Lunar New Year 2020 celebrations in Australia

How Australians celebrate Lunar New Year.

Lunar New Year is about food, family and (joyfully) making a mess. Also called Chinese New Year, it’s celebrated with firecrackers and feasts across the world, in Asian countries and local Chinatowns everywhere. 


When does Lunar New Year take place?

The event revolves around the lunar calendar’s first new moon: so, you’ll start to see lion dancers and reunion dinners take place around late January or during February in Australia. In 2020, we’ll celebrate the Year of the Rat on 25 January. But just as Christmas stretches beyond 25 December, Lunar New Year isn’t confined to one day – or one glorious over-eating session. “You don’t just celebrate it over one dinner with your family,” says Billy Wong, who runs Sydney’s Golden Century and XOPP restaurants. “You’re celebrating with your close family. And then you go out with your colleagues, then your suppliers, business partners. It’s pretty much two weeks when it’s just non-stop going out, eating and having fun.”


Sydney Lantern Festival, Virgin Australia, credit DNSW.png

Sydney Lantern Festival, part of local Lunar New Year celebrations: credit DNSW


Famous Lunar New Year dishes

Lunar New Year runs for 15 days, stretching from the new moon to the first full moon phase. “It’s one of the most festive times during the year,” he says. “But it’s also symbolic if you eat well – that [good luck] leads onto the rest of the year.” People will enthusiastically order lobster, which represents health and energy, or the yee sang prosperity toss (also known as lo hei), a colourful salad that diners interact with. “Everyone grabs the chopsticks, and toss the lo hei salad as high as we can,” Wong says.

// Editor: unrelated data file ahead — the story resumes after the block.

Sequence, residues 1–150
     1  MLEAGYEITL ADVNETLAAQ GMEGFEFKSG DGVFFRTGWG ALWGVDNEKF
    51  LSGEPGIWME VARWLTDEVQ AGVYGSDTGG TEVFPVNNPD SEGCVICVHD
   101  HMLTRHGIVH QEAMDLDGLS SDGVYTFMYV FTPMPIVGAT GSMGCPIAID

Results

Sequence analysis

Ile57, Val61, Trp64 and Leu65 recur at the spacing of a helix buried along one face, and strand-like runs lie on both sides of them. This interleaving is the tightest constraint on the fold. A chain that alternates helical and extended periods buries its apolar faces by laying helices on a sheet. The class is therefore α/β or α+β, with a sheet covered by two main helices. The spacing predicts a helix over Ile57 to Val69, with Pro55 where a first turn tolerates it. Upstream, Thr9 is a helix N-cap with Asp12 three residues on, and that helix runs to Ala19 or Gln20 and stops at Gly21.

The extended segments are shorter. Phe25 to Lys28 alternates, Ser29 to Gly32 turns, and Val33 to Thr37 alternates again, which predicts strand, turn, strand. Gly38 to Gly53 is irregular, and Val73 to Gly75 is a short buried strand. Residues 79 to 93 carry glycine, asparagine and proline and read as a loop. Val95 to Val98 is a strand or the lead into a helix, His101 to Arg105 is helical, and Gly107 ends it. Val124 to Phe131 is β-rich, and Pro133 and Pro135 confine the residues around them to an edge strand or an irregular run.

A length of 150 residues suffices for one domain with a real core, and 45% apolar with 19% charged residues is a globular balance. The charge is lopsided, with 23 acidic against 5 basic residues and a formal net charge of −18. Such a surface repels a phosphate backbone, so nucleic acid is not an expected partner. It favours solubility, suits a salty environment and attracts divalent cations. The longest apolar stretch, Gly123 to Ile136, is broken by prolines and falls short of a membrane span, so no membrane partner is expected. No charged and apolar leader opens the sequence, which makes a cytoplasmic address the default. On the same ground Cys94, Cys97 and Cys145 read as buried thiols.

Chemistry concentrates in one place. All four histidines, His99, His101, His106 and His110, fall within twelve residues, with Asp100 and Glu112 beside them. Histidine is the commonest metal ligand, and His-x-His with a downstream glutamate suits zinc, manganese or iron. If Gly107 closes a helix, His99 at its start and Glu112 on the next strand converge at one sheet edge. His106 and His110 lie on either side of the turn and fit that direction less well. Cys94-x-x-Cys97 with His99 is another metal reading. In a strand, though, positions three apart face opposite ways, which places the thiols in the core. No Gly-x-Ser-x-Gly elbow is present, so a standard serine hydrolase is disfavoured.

“And when you do toss it high, what it signifies is … wealth,” says Diana Chan, host of SBS’s Asia: Unplated show. The aim is to propel the ingredients as high as possible for greater prosperity. Even if a mess is inevitable afterwards, with salad strips and shreds landing all over the table. 

“It’s certainly the most theatrical dish of the new year,” says Adam Liaw, author of books such as Destination Flavour and Adam Liaw's Asian Cookery School. He’s added his own twist: organising the different colours of the salad to visually depict the zodiac animal of the year. “It’s started a bit of an arms race and now the different Liaw family dinners held around the world all do it as well!” he says. 


Family Lunar New Year traditions

Hetty McKinnon, who wrote the Community and Family cookbooks, credits her mum for educating her in the festive traditions. “My mother would make dishes that are symbolic during new year celebrations: spring rolls and gok jai dumplings (dumplings symbolise wealth), noodles (for long life) and whole steamed fish (for surplus and good fortune). She would also make nian gao (new year cake), which are chewy cakes made with glutinous rice flour and dotted with wrinkled red dates.” 


Billy Wong found these cakes tricky to swallow (they’re “quite chewy and stick to your teeth”) but would persist because nian gao symbolises improvement and prosperity: it means “higher year”. The fat choi ho si, though, was a tough ask.


Chinatown, Victoria, Virgin Australia, credit Visit Victoria.png

Melbourne's Chinatown, a central point for local Lunar New Year festivities: credit Visit Victoria